Preterm birth was associated with higher risk of adult asthma and chronic obstructive pulmonary disease (COPD), a study finds.
“Preterm birth affects lung health in many ways, and earlier studies have established that preterm birth is a risk factor for lung health in childhood,” said Kari Risnes, a professor at the Norwegian University for Science and Technology, and one of the study’s authors, in a statement.1 "The current study shows that the risk extends at least up to middle age.”
The results of this population-based study were published in the European Respiratory Journal.2
Although preterm birth is known to affect the lungs in many ways, little is known on how these breathing problems present themselves later into adulthood.
This study included over 2.6 million people from nationwide register data on people born in Finland and Norway. In Finland, 4.8% of individuals were born preterm (n = 706,707) between 1987 to 1998 and 5% were born pre-term in Norway (n = 1,669,528) from 1967 to 1999. The researchers also obtained follow-up register data on the amount of care episode for asthma and COPD in Finland between 2005 to 2016 and in Norway from 2009 to 2017. Finally, the researchers estimated the odds ratio (OR) for having a care episode with either asthma or COPD.
As a result, the odds of having an obstructive airway disease in adulthood were 2- to 3-fold for those born extremely preterm, before gestational age at 28-weeks, or between 28 to 31-weeks, compared to those born full-term (39 to 41-weeks). Among individuals born at 32 to 33, 34 to 36, or 37 to 38-weeks, the odds were 1.1- to 1.5-fold.
These associations were similar across both Finnish and Norwegian data among individuals ages 18 to 29 and 30 to 50 years.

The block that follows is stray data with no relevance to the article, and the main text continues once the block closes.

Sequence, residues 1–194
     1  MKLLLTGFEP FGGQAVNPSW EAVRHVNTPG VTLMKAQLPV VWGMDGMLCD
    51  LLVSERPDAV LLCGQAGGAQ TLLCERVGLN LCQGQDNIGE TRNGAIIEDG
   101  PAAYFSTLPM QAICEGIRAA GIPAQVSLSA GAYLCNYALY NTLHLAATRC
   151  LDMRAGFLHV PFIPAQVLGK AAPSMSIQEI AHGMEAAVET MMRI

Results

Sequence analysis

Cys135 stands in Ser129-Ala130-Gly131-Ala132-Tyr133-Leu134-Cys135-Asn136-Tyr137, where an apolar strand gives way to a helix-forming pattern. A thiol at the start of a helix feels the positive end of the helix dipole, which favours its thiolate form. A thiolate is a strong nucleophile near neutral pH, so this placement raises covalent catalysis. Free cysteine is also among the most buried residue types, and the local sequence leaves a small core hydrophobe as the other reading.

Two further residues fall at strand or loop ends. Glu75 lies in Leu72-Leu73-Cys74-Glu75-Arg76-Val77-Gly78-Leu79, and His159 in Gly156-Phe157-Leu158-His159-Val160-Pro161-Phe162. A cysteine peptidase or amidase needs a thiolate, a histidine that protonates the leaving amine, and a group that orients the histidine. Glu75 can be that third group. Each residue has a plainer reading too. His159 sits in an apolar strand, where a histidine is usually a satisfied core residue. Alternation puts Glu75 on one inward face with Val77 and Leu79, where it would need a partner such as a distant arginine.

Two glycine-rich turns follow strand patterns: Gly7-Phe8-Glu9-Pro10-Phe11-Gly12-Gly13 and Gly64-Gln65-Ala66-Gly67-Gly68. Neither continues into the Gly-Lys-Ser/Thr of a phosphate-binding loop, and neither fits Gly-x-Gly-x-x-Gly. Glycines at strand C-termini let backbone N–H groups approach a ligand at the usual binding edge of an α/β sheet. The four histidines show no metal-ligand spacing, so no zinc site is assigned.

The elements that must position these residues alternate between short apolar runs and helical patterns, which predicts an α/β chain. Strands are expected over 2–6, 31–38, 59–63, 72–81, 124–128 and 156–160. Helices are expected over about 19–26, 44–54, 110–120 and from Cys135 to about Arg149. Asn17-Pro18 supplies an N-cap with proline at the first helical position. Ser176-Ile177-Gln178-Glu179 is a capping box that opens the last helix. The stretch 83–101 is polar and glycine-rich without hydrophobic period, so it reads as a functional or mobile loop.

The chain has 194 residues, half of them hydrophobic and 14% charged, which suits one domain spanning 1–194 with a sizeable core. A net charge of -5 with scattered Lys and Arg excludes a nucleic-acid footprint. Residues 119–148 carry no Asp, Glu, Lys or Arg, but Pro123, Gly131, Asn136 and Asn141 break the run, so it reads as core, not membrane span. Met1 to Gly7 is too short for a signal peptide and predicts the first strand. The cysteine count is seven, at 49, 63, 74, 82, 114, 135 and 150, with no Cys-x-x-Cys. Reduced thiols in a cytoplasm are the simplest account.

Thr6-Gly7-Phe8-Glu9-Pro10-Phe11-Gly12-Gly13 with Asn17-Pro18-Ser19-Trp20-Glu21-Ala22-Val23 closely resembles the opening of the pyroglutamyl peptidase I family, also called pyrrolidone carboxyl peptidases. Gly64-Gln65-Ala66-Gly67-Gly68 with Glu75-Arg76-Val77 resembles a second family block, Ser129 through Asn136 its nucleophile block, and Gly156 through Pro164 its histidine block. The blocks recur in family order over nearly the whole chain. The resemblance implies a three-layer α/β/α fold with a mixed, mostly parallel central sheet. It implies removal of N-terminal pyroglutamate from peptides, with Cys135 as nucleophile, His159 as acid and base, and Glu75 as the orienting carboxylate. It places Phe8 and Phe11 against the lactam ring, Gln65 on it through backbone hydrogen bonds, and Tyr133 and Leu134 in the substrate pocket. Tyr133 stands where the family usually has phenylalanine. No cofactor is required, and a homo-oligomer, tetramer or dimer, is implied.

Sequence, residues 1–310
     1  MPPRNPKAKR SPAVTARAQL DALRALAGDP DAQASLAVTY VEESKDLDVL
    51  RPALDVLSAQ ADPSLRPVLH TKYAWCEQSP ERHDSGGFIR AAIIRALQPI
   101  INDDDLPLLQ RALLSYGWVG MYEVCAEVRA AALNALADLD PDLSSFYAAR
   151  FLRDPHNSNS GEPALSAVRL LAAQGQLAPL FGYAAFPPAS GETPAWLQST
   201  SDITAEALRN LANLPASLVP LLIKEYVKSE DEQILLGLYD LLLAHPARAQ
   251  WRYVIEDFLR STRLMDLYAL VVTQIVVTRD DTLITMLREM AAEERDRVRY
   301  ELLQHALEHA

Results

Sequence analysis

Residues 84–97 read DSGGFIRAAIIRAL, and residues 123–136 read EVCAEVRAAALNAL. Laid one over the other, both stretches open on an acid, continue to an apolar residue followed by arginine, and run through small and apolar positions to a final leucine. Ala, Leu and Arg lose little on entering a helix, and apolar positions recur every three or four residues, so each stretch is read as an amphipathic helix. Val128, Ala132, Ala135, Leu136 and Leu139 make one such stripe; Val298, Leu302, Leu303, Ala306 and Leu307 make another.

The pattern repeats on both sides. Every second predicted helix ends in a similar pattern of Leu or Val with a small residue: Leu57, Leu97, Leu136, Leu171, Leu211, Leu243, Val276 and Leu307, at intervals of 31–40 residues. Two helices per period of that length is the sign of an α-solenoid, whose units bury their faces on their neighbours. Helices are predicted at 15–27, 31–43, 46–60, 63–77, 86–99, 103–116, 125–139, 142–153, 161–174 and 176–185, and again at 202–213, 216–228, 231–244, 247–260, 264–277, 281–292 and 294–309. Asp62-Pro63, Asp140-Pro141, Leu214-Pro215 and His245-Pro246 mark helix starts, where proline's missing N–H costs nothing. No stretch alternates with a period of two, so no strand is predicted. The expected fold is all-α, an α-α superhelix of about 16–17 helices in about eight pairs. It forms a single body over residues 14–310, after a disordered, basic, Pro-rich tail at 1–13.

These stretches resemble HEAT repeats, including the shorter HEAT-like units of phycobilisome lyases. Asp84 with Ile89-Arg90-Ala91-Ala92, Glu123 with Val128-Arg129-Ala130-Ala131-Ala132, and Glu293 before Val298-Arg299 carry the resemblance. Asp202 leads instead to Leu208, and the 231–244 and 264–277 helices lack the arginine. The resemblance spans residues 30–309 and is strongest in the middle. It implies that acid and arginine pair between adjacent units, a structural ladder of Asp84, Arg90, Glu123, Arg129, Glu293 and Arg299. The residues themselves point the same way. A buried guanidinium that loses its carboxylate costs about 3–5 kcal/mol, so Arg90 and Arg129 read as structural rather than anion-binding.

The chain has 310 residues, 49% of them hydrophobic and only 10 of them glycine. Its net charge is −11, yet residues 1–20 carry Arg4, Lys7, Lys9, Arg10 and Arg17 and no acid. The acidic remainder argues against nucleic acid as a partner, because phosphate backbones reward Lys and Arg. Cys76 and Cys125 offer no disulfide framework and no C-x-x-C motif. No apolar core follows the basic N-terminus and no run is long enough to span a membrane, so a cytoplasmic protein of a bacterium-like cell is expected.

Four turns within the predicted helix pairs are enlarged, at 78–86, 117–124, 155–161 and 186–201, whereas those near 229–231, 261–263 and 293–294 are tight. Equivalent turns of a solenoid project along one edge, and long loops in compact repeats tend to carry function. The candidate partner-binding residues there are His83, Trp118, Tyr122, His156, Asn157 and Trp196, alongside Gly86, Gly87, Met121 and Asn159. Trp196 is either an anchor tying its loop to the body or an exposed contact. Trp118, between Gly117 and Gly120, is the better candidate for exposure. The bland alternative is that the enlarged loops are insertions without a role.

Individuals born at less than 28-weeks had the highest association for COPD at ages 30 to 50 years (OR, 7.44; 95% CI, 3.49-15.85), followed by those born 28 to 31-weeks (OR, 3.18; 95% CI, 2.23-4.54), and (OR, 2.32; 95% CI, 1.72-3.12) for those born 32-33-weeks. Lastly, the researchers found bronchopulmonary dysplasia in infancy increased the odds even more for those born less than 28-weeks and between 32 to 31-weeks preterm.
The researchers acknowledge some limitations to this study, including the fact that individual asthma and COPD diagnoses couldn’t be independently verified using clinical function measures, and that their results do not show the full spectrum of these respiratory conditions, only the most severe asthma and COPD cases.
However, despite these limitations, the researchers think their results illustrate consistent and significant associations between children born prematurely and the odds of those individuals having asthma or COPD later in adulthood.
“High risk groups of preterm born individuals, such as extremely or very preterm or those with a history of BPD [bronchopulmonary dysplasia], could benefit from more systematic follow-up with specialized teams who have knowledge on risks, possible prevention strategies, early diagnosis, and treatment,” concluded he researchers of this study. “In these groups, the excess risks are clinically significant and call for particular diagnostic vigilance when individuals born preterm present with respiratory symptoms.”
1. Children born preterm are more likely to have asthma or COPD in adulthood. EurekAlert! www.eurekalert.org/news-releases/984480. Published March 30, 2023. Accessed April 7, 2023.
2. Pulakka A, Risnes K, Metsälä J, et al. Preterm birth and asthma and COPD in adulthood: A nationwide register study from two Nordic countries. European Respiratory Journal. 2023:2201763. doi:10.1183/13993003.01763-2022